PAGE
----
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the latter? Which of these characters is the most valuable and useful, is entirely out of the question: all I plead for, is, to have their several provinces kept diftinct from each other; and to impress on the reader, that a clear head, and acute understanding are not sufficient, alone, to make a Poet; that the most solid observations on human life, expressed with the utmost elegance and brevity,are MORALITY, and not POETRY; that the EPISTLES of Boileau in Rhyme, are no more poetical, than the CHARACTERS of Lá Bruyere in Prose; and that it is a creative and glowing IMAGINA TION, acer spiritus ac vis,” and that alone, that can stamp a writer with this exalted and very uncommon character, which fo few possess, and ofwhich so few can properly judge.
w. For one person who can adequate. ly relish, and enjoy a work of imagination, twenty are to be found who can taste and judge of, observations on familiar life, and the manners of the age. The satires of Ariosto are more read than the Orlando Furioso, or even Dante. 'Are there so many cordial admirers of Spenser and Milton, as of Hudibras; if we strike out of the number of these supposed admirers, those who appear
such out of fashion, and not of feeling?
Swift's rhapsody on poetry is far more popular than Akenside’s noble ode to lord Huntingdon. The epistles on the Characters of men and women, and your fprightly satires, my good friend, are more frequently perused, and quoted, than L'Allegro and Il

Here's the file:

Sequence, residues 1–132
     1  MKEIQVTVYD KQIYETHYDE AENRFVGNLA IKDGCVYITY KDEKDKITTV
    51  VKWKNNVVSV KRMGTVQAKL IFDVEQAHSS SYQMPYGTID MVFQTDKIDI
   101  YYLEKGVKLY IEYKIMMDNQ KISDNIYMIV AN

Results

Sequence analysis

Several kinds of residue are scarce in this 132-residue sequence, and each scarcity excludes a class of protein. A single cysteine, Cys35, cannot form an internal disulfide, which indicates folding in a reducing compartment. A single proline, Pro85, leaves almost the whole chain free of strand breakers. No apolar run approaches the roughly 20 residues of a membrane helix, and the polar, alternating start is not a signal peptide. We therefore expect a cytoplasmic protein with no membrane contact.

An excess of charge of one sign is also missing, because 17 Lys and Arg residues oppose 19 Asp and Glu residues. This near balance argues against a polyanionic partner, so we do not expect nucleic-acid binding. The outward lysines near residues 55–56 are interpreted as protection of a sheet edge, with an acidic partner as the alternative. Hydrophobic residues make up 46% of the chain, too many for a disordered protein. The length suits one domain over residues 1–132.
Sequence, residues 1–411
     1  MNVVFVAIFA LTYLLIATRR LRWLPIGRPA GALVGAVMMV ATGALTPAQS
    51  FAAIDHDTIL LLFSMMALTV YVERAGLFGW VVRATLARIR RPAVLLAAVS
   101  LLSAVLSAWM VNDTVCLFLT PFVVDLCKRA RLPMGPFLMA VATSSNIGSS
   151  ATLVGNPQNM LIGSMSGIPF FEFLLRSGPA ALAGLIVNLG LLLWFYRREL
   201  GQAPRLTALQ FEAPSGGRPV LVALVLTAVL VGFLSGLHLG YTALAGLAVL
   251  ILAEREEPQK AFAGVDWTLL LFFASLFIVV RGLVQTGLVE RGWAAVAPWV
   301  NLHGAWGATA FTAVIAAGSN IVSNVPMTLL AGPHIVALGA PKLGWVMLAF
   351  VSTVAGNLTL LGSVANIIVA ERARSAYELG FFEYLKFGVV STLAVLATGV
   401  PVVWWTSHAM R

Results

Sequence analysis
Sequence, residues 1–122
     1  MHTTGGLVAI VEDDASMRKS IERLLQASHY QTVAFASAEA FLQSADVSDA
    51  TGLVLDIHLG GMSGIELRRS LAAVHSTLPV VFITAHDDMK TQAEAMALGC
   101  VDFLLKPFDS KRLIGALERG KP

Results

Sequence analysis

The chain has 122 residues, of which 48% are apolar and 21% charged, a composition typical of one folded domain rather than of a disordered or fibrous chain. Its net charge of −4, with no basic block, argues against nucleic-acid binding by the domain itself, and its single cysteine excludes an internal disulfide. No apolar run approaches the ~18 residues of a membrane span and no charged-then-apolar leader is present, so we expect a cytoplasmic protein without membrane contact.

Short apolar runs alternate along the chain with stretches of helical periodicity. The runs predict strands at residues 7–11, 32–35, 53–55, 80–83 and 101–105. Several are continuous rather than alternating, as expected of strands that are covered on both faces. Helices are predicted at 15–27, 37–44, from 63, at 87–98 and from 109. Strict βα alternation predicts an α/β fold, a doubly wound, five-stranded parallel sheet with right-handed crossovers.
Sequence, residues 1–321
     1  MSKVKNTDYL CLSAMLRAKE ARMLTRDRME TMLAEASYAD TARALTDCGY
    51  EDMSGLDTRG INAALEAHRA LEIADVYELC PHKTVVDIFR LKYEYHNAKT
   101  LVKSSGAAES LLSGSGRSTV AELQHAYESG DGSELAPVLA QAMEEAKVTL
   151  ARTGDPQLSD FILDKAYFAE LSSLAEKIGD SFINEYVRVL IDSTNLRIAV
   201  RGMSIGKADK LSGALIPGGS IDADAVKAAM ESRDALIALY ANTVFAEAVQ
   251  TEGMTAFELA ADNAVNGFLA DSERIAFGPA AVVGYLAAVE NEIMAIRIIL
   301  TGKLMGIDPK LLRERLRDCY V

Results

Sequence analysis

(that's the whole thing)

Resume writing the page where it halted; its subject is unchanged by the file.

Penferofo of Milton. Ilad you written only these fatires, you would indeed have gained the title of a man of wit, and a man of sense ; but, I am confident, would not insist on being denominated a POET, MERELY on their ac
NON SATIS EST PURIS VERSUM PERSCRIBERE VERBIS. - It is amazing this matter should ever have been mistaken, when Horace has taken particular and repeated pains, to settle and adjust the opinion in question. He has more than once disclaimed all right and title to the name of poet, on the score of his ethic and fatiric pieces.
NEQUE ENIM CONCLUDERE VERSUM DIXERIS ESSE SATISare lines, often repeated, but whose meaning is not extended and weighed as it ought to be. Nothing can be more
A 4 judicious
judicious than the method he pre-
and may perhaps advance fome geneoral maxims, or may be right by
4 chándeo 1 The caxcomb bird, fo grave $and fostalkative, that cries : whore, « knave, and cuckold, from his cage, 5. tbó' he rightly call many a passenger,
you bold him no philosopher. And yet, such is the fate of all extremes, men
may be read too much, as well as ::" books. We grow more partial, for the "fake of the observer, to observations " which we ourselves make; less so to “written wisdom, because another's. « Maxims are drawn from notions, « and those from guess.” What shall we say of this passage?---Why, that it is most excellent sense, but just as poetical as the “ Qui fit Mæcenas” of the author who recommends this me. thod of trial. Take ten lines of the Iliad, Paradise Lost, or even of the Georgics of Virgil, and see whether by